Martin Shaw is a mythologist, and this is not so much a book of essays as an introduction to myth and how we need it in our lives. It was written after Shaw spent four years living in a tent on the side of a mountain in Snowdonia; it’s for anyone who gets anxious wandering the barren desert of work-sleep-telly-buy-consume, everyone who yearns for something different: ‘If you don’t want to be Crazy Horse, Boudicca, or Pablo Neruda, stop reading now. It’s probably best we nip this relationship in the bud. This is a book about teasing out the mischievous, solitude-loving, flamboyant, sorcerous, arms-extended-into-the-inky-blackness singing songs of the lost-highwayman aspect of your nature.’

I loved the stories: ‘After more treacherous journeying, Anga came to a towering mountain, so high your eyes would strain and go blind if you tried to see the top of it.’

I loved the commentaries: ‘One hit of DMT will blow the castle doors open in seconds and precipitate a chemically engineered free-fall into a Persian garden. As we congratulate ourselves on having plunged straight into Ceridwen’s cauldron, we would do well to remember our fathers turning to the whiskey cabinet and gazing at sunsets through the castle gates.’

It gave me a new way of looking at old problems: ‘Another larger interpretation is that the planet itself may be trying to awaken us from the thing that Eats and Consumes All. In this case the listener by the door is a tsunami, a flooded New Orleans – something that in the cold light of day says, “For Christ’s sake; don’t you hear the sobbing of your beloved?”

In 2016 I was lucky enough to have the chance to hear Martin Shaw tell a story and talk about his work. Times are dark and troubled, he said. And when times are dark and troubled there’s only one thing to do: make beauty.

And if you’re wondering what I’ve been making, search for Andy Mac on NTS radio, play the mix and wait for the owls.

Elena Ferrante on Brexit

chickensElena Ferrante, best-selling Italian author who has (just) managed to hang onto her anonymity, eschewing all interviews and never being seen dead on social media, has spoken out about Brexit.



I am making mad connections between entirely unconnected things because it suits my argument.

I’m upset about Brexit. I could fill a post with all the reasons why I’m upset about Brexit, from the most self-centred and practical (loss of right to live and work in 27 countries in which trains and houses are actually affordable and the sun actually shines) to the most outward-looking and existential (the rise and rise of the far-right and what this means for world peace). But I’m not going to talk about Brexit. Not while we’ve all still got a hangover. I’m going to talk about stories.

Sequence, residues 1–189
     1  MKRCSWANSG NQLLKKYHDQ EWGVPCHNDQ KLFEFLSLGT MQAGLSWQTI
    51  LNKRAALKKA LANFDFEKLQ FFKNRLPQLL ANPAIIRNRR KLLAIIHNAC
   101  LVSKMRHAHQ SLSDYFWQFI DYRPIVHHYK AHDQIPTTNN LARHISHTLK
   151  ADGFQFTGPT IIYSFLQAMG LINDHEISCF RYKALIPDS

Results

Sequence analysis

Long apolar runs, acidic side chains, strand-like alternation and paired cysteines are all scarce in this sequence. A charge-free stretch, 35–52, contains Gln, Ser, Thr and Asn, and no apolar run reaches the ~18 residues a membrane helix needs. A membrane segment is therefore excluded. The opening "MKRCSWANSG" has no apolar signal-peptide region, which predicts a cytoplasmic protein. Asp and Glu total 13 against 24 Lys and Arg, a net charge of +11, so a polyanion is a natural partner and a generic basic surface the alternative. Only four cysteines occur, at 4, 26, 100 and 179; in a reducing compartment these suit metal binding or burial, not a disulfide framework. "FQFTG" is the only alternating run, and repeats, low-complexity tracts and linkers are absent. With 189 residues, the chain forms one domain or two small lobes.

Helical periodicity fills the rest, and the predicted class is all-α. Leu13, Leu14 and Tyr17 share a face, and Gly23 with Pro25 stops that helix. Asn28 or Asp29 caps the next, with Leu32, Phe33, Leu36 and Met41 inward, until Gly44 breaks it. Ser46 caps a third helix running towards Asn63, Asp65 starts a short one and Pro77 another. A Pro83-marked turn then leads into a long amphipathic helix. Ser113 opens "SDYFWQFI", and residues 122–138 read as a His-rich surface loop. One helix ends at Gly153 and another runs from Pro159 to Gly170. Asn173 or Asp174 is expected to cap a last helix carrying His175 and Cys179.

Because I have finally reached a conclusion: Leave won not because voters were stupid, misguided, hoodwinked, or vicious (some probably were, but most probably weren’t). Leave won because the perpetrators of Leave told the most coherent story, and in times of unfathomable complexity, such as now, a coherent story is like a pork pie on the side of a freezing mountain. You know its wrong, but you’ll eat it anyway.

The connection between Brexit and Elena Ferrante, apart from the fact that Elena Ferrante distracted me from the mad ravings of Trump for the whole of December with her utterly fabulous Neapolitan quartet, is that right at the end of the last book ‘The Story of the Lost Child’ she has one of her characters explain something about bad fiction, which reminded me of Nigel Farage:

‘Only in bad novels people always think the right thing, always say the right thing, every effect has its cause, there are likeable ones and the unlikable, the good and the bad, everything in the end consoles you.’

The problem with Nigel Farage, apart from all the other problems with Nigel Farage, is that his consoling stories are made of pork pies. Truth doesn’t come in slogans. Truth is nuanced and subtle, quiet and contradictory, a fine balance of probabilities, a line drawn in snow, an instinct for kindness, a desire for justice. Truth, dammit, is always collapsing into awkward puddles of conflicting points of view, both of which are equally valid. Truth is too complex to be represented on the side of a bus. Truth surfaces in strange places. Truth has even been spotted on Donald Trump’s Twitter feed, although not very often.